Assume the following setup in a typical rails application:
1 2 3 4 5 6 7 8 9 10 11 12 13 14 15 16 17 18 19 20 21 22 23 24 25 26 27 28 29 # work_order.rb class WorkOrder < ActiveRecord::Base has_many :line_items accepts_nested_attributes_for :line_items end #line_item.rb class LineItem < ActiveRecord::Base belongs_to :work_order end # work_orders_controller.rb class WorkOrdersController < ApplicationController # .... standard code here ..... private def work_order_params params.require(:work_order) .permit(date, #.. various Work Order properties line_items_attributes: [ # various attrs here, i.e. qty, cost :work_order_id ]) end end
Note the inclusion of
work_order_id in the line_item_attributes array. All
a potential attacker has to do is insert a hidden html input tag into the edit form of a
work_order similar to this:
<input type="hidden" name="work_order[labor_items_attributes][work_order_id]" value="509">
When they submit the form, the labor item will then be assigned to the work order with id ‘509’. Whoops.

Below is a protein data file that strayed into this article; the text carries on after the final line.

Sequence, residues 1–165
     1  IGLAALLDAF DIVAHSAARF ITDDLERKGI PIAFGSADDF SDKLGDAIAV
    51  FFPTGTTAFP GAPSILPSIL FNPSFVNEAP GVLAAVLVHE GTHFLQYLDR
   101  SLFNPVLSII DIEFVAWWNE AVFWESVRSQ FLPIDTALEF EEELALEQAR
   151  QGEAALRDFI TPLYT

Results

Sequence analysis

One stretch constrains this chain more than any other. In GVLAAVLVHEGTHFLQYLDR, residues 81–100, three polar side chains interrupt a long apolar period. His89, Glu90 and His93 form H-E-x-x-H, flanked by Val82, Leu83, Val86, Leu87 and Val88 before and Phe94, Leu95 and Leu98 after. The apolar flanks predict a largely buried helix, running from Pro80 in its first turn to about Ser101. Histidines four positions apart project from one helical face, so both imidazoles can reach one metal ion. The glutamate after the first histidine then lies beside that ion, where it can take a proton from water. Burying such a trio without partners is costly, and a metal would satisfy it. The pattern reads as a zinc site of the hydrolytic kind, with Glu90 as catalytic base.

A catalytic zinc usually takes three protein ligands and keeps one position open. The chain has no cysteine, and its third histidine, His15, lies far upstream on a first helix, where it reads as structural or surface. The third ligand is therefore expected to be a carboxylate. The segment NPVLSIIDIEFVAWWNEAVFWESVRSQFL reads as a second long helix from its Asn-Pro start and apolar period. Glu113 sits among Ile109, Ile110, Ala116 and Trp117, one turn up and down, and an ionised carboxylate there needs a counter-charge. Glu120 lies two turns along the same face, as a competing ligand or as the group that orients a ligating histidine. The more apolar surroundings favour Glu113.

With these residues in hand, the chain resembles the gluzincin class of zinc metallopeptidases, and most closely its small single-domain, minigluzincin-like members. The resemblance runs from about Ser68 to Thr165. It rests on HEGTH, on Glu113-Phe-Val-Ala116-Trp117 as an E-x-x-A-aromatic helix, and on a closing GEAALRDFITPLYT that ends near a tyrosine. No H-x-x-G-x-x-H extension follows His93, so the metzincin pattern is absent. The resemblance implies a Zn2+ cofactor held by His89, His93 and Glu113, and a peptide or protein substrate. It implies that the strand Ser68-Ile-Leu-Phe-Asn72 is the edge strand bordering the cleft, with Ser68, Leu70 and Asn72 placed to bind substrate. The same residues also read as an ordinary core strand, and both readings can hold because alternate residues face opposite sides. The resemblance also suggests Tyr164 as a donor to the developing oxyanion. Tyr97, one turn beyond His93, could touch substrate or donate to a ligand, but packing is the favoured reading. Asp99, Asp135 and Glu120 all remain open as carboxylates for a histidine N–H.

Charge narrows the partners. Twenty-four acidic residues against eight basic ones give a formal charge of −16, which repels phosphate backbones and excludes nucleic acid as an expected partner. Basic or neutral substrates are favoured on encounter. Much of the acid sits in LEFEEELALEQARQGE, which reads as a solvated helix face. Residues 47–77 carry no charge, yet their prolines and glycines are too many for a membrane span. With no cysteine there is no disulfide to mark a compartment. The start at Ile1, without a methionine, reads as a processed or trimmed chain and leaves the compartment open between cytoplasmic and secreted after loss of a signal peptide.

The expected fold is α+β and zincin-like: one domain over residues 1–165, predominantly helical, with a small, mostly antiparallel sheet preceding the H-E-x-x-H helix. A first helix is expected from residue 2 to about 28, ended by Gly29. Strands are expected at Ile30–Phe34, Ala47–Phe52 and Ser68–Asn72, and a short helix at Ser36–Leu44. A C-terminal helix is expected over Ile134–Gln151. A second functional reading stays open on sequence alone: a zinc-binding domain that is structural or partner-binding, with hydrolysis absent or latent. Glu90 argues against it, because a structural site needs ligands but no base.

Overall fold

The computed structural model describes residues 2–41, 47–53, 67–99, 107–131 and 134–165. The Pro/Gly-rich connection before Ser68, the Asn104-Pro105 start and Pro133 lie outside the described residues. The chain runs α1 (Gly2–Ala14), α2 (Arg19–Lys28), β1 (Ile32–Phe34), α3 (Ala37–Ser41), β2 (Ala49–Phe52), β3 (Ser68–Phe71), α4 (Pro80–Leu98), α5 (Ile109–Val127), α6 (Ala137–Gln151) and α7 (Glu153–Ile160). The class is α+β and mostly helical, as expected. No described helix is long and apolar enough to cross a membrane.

The kicker to all this is that you don’t actually need to include the ‘work_order_id’ for everything to work correctly, Rails knows1 that the line item you are creating is for ‘this’ work order.
This may not seem like a big deal in this context, and in truth it’s probably
not. However, substitute a
LineItem, and imagine that an
AuthorizedFriend has special privileges
Users content, where that content is pictures, payment methods
etc. See the problem?
Be careful what parameters you are allowing! Even though rails ‘does’ a lot of security for you, that doesn’t mean you can just forget about security altogether when designing and developing software applications.
How does rails know this? Good question! stay tuned for a blog post on this very subject… ↩